Iraqi Shadow Government Cools Its Heels in Kuwait
By Jane Perlez
NYTimes, 3 April - KUWAIT, April 2 — Along a promenade of beachside villas, several hundred American government officials — from well-worn former generals to fresh young aid workers — are working at their laptops, inventing flow charts and examining maps of Iraq in what has become Potomac on the Persian Gulf.
This is the nucleus of the Bush administration's new Iraqi government. One of the faraway masters, in the minds of many here, is someone known fondly, or not so fondly — depending on one's political orientation — as Wolfowitz of Arabia.
The reference, of course, is to Paul D. Wolfowitz, the undersecretary of defense, who has dispatched some of his protégés here to prepare key Baghdad ministries for American management.
Mr. Wolfowitz is also passing judgment on others assigned here, making the transitory Potomac here as divisive and political as the permanent one at home, some participants say.
The overall boss of this Iraqi government-in-waiting, an operation that has been endowed with the Washington-speak title "Office of Reconstruction and Humanitarian Assistance," is retired Army Lt. Gen. Jay Garner. When he gets to Baghdad, he will be in charge of everything the American military is not: feeding the country, fixing the infrastructure and creating what the Bush administration has said will be a democratic government.
A stocky 64-year-old, on leave from a top post at the defense contractor L-3 Communications, General Garner was responsible for protecting Kurdish refugees in northern Iraq after the first gulf war, a smaller task than the one at hand but one that gave him a taste for the country, a colleague said.
Arrayed below General Garner is a group of former army officers, former and present American ambassadors, aid bureaucrats who give themselves away by their many-pocketed khaki jackets, a smattering of State Department officials, several British officials and a cluster known as the "true believers."
These are the people, like Robert Reilly, a former head of the Voice of America, who in the shorthand for Mr. Wolfowitz are known as "Wolfie's" people. They are thought to be particularly fervent about trying to remake Iraq as a beacon of democracy and a country with a tilt toward Israel. Mr. Reilly is working with Iraqi exiles to create radio broadcasts for use in the post-Saddam Hussein Iraq.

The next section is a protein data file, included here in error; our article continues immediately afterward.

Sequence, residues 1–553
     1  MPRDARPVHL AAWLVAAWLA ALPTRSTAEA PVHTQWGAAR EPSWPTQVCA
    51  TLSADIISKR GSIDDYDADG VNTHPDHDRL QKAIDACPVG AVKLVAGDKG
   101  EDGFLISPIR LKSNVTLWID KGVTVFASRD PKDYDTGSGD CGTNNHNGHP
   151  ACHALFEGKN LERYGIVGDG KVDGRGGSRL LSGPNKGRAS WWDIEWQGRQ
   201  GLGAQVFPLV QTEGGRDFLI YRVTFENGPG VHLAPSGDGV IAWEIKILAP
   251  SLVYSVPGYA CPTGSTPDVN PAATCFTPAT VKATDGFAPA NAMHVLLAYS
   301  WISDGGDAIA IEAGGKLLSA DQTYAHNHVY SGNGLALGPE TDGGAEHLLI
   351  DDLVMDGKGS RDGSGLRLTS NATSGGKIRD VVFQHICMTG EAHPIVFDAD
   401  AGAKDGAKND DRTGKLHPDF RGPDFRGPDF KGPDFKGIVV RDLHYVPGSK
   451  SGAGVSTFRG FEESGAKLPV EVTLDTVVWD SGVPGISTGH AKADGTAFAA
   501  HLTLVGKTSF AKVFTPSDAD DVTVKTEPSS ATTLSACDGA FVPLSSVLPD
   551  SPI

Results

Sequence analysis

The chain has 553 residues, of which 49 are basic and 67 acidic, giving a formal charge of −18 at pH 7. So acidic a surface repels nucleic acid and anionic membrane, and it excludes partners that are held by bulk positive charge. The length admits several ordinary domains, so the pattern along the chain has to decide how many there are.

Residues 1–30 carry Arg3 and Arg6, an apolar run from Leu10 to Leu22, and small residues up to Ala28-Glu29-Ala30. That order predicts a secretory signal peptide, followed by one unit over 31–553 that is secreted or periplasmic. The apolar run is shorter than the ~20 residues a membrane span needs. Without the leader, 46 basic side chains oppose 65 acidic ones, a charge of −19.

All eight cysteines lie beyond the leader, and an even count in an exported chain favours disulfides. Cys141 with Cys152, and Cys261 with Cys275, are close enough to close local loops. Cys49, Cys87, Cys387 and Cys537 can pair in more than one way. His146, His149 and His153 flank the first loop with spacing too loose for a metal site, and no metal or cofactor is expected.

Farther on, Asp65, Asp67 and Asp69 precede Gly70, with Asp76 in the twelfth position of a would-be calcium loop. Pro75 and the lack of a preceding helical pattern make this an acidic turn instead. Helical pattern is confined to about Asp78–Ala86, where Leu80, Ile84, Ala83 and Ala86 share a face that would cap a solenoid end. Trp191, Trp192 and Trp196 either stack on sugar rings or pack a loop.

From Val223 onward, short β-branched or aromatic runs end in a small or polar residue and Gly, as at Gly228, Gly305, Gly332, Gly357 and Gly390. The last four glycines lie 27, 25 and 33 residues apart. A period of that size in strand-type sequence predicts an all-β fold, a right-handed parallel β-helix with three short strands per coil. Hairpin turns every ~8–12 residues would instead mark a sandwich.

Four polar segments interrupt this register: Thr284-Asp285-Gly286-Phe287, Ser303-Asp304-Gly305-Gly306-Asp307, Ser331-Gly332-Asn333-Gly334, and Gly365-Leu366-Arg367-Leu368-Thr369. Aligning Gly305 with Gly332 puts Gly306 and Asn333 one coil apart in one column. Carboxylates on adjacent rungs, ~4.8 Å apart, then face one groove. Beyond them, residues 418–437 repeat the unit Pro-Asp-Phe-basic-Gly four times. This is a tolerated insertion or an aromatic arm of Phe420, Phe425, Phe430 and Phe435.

General Garner reports to the chief of Central Command, Gen. Tommy R. Franks, a fact that makes the civilian government-in-waiting an operation of the Pentagon.
Fairly predictably, State Department officials say, the Pentagon deemed the most senior State Department appointees as unsuitable for the enterprise, even though one of them, Timothy Carney, a former ambassador to Sudan, was invited to come here by Mr. Wolfowitz.
Mr. Carney is preparing to run the Baghdad Ministry of Industry. Another person the Pentagon is resisting, at least temporarily, is the former ambassador to Yemen, Barbara Bodine. But she has also arrived, established an office in one of the villas, and is informally known on the campus as the mayor of Baghdad.
Others who have been held up back in Washington include Robin Raphel, former ambassador to Tunisia, who is slated to run the Ministry of Trade; and Kenton Keith, a former ambassador to Qatar, who is supposed to head the Ministry of Foreign Affairs.
Not all the 23 ministries in the present Iraqi government will be reopened, a member of the Garner team said. The all-important Ministry of Information will definitely be kept, although who will run it remains unresolved. James Woolsey, a former director of Central Intelligence in the Clinton administration, is a favorite of the Pentagon for that job, people here said.